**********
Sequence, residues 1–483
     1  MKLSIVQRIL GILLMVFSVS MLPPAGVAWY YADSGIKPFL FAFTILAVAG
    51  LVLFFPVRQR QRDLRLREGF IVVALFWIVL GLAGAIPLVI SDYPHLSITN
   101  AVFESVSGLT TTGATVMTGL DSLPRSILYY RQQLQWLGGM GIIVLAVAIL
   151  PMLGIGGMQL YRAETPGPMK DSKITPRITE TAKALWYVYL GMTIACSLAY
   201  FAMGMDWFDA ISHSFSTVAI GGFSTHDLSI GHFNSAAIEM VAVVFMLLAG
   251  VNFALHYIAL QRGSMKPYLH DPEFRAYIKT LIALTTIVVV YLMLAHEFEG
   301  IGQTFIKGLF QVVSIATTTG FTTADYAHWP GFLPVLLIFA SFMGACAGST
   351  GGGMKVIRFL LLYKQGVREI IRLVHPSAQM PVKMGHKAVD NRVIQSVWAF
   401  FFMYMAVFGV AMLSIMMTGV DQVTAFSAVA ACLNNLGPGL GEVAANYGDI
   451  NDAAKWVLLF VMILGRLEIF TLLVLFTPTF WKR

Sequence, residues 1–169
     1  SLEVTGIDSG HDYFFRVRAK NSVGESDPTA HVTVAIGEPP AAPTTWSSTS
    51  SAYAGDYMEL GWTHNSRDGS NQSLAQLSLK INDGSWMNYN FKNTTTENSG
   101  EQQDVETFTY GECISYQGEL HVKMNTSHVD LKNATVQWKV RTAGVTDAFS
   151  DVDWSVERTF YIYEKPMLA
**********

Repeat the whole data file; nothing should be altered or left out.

Sequence, residues 1–483
     1  MKLSIVQRIL GILLMVFSVS MLPPAGVAWY YADSGIKPFL FAFTILAVAG
    51  LVLFFPVRQR QRDLRLREGF IVVALFWIVL GLAGAIPLVI SDYPHLSITN
   101  AVFESVSGLT TTGATVMTGL DSLPRSILYY RQQLQWLGGM GIIVLAVAIL
   151  PMLGIGGMQL YRAETPGPMK DSKITPRITE TAKALWYVYL GMTIACSLAY
   201  FAMGMDWFDA ISHSFSTVAI GGFSTHDLSI GHFNSAAIEM VAVVFMLLAG
   251  VNFALHYIAL QRGSMKPYLH DPEFRAYIKT LIALTTIVVV YLMLAHEFEG
   301  IGQTFIKGLF QVVSIATTTG FTTADYAHWP GFLPVLLIFA SFMGACAGST
   351  GGGMKVIRFL LLYKQGVREI IRLVHPSAQM PVKMGHKAVD NRVIQSVWAF
   401  FFMYMAVFGV AMLSIMMTGV DQVTAFSAVA ACLNNLGPGL GEVAANYGDI
   451  NDAAKWVLLF VMILGRLEIF TLLVLFTPTF WKR

Sequence, residues 1–169
     1  SLEVTGIDSG HDYFFRVRAK NSVGESDPTA HVTVAIGEPP AAPTTWSSTS
    51  SAYAGDYMEL GWTHNSRDGS NQSLAQLSLK INDGSWMNYN FKNTTTENSG
   101  EQQDVETFTY GECISYQGEL HVKMNTSHVD LKNATVQWKV RTAGVTDAFS
   151  DVDWSVERTF YIYEKPMLA